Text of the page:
So true, and you’re really a one-man band at the core of it right so you’re lucky you have the option to be able to do that. So many wouldn’t be able to. Now I have one last question. You and your wife choose not to drink and advocate for that quite heavily online. I really respect that. What advice if any do you have for musicians who would like to go down that sober path? How has it impacted your music?
Well I like that Gnarls Barkley song “Crazy” and it has a lot of meaning for me when I cover that. What does he say ‘my heroes had the heart to lose their lives out on a limb and all I can remember is thinking I want to be like them.’ All my heroes were heavy drinkers and did drugs, the whole lot and over time on the road I started and when I started it was always drinking and partying and carrying on and for me that was a huge part of being a musician, and I didn’t want it to be any different to that, that’s what I wanted it to be. That carried on for 20 years and in the end, it affected my music, it affected my life, and I think for those people who are restrained that’s cool but I’ve been gigging like four nights a week for 20 years so it was just too much of habit.
It never occurred to me to not drink before a gig. I always drank to get a little run up before my performances to get in the zone with it and honestly, I get into that zone way better without drinking and that clarity is awesome. When I first came on the scene I’d be doing these things where every set was different I’d start playing riffs id never played before and start making up a song based on things that were happening on the night and it was always a feature and I really enjoyed it because I wasn’t in control of the words that were coming out of my mouth and I loved to see where it would go and it kept it really alive for me. And then I went through a big long period of over a decade where I stopped doing that. I played the songs and it was party, party, party and I didn’t talk much in between songs which is something I was known for. I did my best but now looking back I realize I was just getting through because I was always a bit intoxicated, sometimes a lot. I’d travel a lot the next day and then press repeat.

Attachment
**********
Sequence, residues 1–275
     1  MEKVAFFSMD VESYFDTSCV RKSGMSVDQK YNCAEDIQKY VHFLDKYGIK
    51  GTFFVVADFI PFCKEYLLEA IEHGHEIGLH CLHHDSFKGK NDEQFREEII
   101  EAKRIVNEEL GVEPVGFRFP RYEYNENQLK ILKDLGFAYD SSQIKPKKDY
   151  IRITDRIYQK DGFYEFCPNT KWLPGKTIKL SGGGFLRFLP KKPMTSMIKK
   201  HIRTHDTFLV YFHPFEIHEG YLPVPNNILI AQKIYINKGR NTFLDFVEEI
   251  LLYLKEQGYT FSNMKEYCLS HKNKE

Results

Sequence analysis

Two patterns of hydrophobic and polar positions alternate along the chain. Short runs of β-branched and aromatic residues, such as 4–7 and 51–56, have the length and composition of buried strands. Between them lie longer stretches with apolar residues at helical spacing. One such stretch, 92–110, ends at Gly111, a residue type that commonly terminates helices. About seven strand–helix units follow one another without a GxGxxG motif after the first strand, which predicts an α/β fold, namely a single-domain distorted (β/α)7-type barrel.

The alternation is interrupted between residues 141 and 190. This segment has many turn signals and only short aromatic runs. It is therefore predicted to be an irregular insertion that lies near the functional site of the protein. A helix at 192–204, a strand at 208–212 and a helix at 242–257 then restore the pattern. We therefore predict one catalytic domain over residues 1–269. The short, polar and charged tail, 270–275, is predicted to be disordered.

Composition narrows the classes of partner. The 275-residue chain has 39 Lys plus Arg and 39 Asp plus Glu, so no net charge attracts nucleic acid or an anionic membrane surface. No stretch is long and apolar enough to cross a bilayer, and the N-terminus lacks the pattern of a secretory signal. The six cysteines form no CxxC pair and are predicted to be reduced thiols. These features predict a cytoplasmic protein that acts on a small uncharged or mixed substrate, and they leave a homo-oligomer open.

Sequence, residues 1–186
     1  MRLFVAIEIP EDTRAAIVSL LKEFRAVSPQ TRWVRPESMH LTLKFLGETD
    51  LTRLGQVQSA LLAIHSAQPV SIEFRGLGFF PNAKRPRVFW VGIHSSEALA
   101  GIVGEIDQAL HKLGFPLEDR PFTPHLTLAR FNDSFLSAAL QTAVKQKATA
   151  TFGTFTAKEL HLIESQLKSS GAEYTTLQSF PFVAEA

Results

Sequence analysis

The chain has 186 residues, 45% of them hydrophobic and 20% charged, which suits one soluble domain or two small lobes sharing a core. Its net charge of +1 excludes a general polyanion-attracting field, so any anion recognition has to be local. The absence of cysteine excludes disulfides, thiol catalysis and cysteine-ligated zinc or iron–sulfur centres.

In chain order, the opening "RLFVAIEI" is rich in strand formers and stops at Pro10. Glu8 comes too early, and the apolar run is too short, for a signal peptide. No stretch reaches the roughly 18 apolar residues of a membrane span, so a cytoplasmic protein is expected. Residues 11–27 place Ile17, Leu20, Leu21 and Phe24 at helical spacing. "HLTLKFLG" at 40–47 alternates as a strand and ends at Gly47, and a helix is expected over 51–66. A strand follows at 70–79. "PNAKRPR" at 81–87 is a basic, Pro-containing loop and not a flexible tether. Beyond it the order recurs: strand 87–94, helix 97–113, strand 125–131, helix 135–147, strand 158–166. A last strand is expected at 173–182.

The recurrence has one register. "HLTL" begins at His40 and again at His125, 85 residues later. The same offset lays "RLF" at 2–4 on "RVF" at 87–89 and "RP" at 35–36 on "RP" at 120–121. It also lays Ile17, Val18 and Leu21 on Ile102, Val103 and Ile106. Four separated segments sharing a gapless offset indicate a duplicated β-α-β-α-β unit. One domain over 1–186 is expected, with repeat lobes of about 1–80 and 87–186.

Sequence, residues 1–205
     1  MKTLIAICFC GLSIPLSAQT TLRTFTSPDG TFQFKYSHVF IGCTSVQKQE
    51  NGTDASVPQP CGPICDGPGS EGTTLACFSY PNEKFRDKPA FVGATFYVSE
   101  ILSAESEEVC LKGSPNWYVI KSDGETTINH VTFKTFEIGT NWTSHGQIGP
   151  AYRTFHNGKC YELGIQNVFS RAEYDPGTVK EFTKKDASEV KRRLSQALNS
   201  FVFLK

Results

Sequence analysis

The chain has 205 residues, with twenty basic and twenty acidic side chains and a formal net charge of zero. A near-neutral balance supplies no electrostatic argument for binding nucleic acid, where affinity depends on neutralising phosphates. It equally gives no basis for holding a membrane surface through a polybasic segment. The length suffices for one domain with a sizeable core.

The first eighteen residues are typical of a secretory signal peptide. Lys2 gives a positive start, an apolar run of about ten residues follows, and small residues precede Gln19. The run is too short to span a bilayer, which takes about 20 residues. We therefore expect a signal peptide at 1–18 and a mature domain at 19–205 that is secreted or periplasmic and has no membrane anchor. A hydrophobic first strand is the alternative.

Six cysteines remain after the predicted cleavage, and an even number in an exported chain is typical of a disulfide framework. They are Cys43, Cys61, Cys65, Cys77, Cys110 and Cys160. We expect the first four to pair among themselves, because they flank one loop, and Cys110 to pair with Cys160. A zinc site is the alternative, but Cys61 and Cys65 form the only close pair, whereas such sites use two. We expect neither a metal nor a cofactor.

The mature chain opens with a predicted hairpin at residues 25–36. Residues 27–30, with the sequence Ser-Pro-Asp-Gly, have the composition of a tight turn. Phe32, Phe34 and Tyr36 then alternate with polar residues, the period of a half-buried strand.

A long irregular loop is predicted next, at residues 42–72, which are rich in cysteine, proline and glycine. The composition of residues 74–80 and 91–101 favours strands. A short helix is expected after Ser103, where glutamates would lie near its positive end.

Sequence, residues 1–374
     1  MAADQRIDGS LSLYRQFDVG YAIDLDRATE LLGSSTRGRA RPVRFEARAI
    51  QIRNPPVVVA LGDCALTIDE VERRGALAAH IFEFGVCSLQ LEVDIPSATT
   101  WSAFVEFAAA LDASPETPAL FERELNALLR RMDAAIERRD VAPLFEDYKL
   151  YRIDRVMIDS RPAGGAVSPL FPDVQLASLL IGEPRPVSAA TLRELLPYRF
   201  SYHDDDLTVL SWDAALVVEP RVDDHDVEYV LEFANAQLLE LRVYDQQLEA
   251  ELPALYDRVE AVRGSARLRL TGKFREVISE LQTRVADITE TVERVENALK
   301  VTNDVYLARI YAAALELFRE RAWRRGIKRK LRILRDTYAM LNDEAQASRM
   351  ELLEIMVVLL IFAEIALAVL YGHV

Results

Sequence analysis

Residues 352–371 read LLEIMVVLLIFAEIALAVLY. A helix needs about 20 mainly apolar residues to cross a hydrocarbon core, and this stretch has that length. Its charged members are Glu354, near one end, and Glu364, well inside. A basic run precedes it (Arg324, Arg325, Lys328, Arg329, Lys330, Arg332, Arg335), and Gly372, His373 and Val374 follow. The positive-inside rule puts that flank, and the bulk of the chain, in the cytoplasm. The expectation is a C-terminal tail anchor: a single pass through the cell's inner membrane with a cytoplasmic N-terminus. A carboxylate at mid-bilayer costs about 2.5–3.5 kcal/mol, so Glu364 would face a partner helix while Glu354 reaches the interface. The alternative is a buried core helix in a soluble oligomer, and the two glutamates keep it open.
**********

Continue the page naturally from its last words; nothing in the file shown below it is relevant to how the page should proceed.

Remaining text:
It’s funny because you drink to make it a little bit more fun, a little bit more exciting but after a while it just levels everything out so quitting that has been so amazing for me and now I’m starting to make up those songs again on the spot! I would’ve thought it was an age thing like ‘ah yeah that’s when I was a whipper snipper and my brain was working faster’ but it wasn’t. It was just that I was cloudy and I was slowing myself down on purpose so now I feel like I’ve got that sharpness back and that’s so exciting, I never want to give that up again.
*Feature image credit: Ian Laidlaw